The e-ROSA project seeks to build a shared vision of a future sustainable e-infrastructure for research and education in agriculture in order to promote Open Science in this field and as such contribute to addressing related societal challenges. In order to achieve this goal, e-ROSA’s first objective is to bring together the relevant scientific communities and stakeholders and engage them in the process of coelaboration of an ambitious, practical roadmap that provides the basis for the design and implementation of such an e-infrastructure in the years to come.
This website highlights the results of a bibliometric analysis conducted at a global scale in order to identify key scientists and associated research performing organisations (e.g. public research institutes, universities, Research & Development departments of private companies) that work in the field of agricultural data sources and services. If you have any comment or feedback on the bibliometric study, please use the online form.
You can access and play with the graphs:
- Evolution of the number of publications between 2005 and 2015
- Map of most publishing countries between 2005 and 2015
- Network of country collaborations
- Network of institutional collaborations (+10 publications)
- Network of keywords relating to data - Link
Research questions at the regional, national and global scales frequently require the upscaling of existing models. At large scales, simple model aggregation may have a prohibitive computational cost and lead to over-detailed problem representation. Methods that guide model simplification and revision have the potential to support the choice of the appropriate level of detail or heterogeneity within upscaled models. Efficient upscaling will retain only the heterogeneity that contributes to accurate aggregated results. This approach to model revision is challenging, because automatic generation of alternative models is difficult and the set of possible revised models is very large. In the case where simplification alone is considered, there are at least 2(n) - 1 possible simplified models where n is the number of model variables. Even with the availability of High Performance Computing, it is not possible to evaluate every possible simplified model if the number of model variables is greater than roughly 35. To address these issues, we propose a method that extends an existing procedure for simplifying and aggregating mechanistic models based on replacing model variables with constants. The method generates simplified models by selectively aggregating existing model variables, retaining existing model structure while reducing the size of the set of possible models and ordering them into a search tree. The tree is then searched selectively. We illustrate the method using a catchment scale optimization model with c. 50,000 variables (Farm-adapt) in the context of adaptation to climatic change. The method was successful in identifying redundant model variables and an adequate model 10% smaller than the original model. We discuss how the procedure can be extended to other large models and compare the method to those proposed by others. We conclude by urging model developers to regard their models as a starting point and to consider the need for alternative models during model development. (C) 2009 Elsevier B.V. All rights reserved.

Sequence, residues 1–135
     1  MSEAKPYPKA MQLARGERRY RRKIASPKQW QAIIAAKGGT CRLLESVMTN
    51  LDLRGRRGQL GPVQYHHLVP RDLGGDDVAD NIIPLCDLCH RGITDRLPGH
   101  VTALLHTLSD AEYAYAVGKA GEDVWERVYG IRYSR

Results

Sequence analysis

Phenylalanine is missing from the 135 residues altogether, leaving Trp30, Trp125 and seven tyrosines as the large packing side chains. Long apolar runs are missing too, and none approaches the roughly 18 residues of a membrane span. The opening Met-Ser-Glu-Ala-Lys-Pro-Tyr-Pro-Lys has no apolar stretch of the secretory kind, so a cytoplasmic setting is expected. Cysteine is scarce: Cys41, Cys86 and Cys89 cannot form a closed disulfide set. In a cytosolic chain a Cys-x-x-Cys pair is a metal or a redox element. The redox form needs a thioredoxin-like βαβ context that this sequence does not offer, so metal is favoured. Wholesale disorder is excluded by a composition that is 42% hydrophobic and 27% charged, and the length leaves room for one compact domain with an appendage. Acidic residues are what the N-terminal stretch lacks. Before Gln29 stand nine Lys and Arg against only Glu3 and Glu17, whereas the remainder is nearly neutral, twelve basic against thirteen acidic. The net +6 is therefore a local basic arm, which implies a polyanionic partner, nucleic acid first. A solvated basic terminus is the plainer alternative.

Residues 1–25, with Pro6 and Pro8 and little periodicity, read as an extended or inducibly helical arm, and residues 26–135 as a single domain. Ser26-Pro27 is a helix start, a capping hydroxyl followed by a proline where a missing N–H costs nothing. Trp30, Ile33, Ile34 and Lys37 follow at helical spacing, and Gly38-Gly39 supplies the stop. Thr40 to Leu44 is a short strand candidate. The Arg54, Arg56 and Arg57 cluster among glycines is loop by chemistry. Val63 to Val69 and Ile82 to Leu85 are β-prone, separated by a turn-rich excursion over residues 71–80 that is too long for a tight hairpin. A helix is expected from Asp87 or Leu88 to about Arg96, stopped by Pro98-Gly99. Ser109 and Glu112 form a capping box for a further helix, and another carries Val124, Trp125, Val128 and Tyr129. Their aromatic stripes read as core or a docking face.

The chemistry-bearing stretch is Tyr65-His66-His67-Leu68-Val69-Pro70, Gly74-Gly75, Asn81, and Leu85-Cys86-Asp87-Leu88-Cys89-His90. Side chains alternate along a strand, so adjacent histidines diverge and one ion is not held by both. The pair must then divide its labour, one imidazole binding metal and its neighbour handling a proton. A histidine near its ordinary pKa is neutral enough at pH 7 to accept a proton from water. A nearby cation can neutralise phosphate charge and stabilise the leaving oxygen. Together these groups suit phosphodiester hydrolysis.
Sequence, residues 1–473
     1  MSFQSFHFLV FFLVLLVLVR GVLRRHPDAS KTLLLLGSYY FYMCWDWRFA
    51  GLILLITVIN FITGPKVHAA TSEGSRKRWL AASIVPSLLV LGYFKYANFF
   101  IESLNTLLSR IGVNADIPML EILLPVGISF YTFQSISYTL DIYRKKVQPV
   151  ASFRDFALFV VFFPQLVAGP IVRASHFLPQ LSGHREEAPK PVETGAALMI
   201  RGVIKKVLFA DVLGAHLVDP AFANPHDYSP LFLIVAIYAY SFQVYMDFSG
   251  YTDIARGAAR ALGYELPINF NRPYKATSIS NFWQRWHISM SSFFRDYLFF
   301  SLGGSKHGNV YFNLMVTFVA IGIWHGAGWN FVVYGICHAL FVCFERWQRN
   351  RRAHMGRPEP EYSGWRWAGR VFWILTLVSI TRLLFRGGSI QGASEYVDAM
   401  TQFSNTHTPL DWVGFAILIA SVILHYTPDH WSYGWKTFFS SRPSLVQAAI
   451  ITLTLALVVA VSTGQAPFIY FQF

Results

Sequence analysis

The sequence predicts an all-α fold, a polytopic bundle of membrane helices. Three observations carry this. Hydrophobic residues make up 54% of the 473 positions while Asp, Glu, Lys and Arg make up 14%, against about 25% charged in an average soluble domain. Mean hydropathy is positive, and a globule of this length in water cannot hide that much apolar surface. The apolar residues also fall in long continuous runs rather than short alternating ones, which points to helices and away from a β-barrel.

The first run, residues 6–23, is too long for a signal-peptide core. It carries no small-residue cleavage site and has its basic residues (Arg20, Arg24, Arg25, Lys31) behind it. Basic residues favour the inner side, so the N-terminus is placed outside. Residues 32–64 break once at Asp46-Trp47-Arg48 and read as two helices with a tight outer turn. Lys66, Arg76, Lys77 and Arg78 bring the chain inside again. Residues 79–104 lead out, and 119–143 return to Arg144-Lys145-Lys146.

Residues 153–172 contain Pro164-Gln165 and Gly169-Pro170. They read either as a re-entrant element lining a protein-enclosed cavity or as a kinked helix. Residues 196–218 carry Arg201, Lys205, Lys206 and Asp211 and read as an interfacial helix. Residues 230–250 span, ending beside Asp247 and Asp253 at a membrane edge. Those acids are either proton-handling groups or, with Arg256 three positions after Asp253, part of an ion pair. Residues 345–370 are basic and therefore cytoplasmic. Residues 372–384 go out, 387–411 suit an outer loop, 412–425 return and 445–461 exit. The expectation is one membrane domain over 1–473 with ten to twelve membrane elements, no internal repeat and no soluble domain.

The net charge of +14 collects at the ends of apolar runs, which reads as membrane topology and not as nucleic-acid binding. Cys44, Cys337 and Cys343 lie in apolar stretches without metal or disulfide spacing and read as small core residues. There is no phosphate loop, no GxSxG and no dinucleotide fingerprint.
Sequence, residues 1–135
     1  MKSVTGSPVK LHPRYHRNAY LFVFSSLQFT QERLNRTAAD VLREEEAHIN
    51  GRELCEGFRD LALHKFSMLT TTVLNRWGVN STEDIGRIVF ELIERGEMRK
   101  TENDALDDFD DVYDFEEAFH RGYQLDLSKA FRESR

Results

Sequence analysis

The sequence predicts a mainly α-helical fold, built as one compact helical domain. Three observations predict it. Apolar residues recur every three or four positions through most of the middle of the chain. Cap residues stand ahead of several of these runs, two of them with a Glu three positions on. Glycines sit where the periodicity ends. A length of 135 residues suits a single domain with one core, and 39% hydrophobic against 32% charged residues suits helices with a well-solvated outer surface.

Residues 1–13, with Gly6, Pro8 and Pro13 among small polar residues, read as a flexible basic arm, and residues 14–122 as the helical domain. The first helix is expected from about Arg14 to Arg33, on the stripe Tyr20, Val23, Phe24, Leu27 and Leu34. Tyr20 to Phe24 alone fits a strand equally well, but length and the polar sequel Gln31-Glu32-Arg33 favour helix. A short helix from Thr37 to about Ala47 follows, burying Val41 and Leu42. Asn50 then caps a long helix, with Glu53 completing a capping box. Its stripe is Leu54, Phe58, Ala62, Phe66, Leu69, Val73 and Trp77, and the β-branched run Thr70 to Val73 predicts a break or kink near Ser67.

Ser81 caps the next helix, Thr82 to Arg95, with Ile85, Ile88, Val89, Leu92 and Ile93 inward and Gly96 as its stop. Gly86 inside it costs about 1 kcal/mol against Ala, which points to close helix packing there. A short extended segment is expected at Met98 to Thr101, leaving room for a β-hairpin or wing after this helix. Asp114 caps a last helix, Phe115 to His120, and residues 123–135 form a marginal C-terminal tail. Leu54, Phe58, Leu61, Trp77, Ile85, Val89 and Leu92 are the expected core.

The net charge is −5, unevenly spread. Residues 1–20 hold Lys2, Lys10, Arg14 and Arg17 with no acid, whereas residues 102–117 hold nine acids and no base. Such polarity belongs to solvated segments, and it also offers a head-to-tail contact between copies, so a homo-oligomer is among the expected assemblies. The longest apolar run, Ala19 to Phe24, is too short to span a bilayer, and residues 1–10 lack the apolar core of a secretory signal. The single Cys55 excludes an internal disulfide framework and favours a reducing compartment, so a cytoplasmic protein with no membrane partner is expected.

Inappropriate format for Document type, expected simple value but got array, please use list format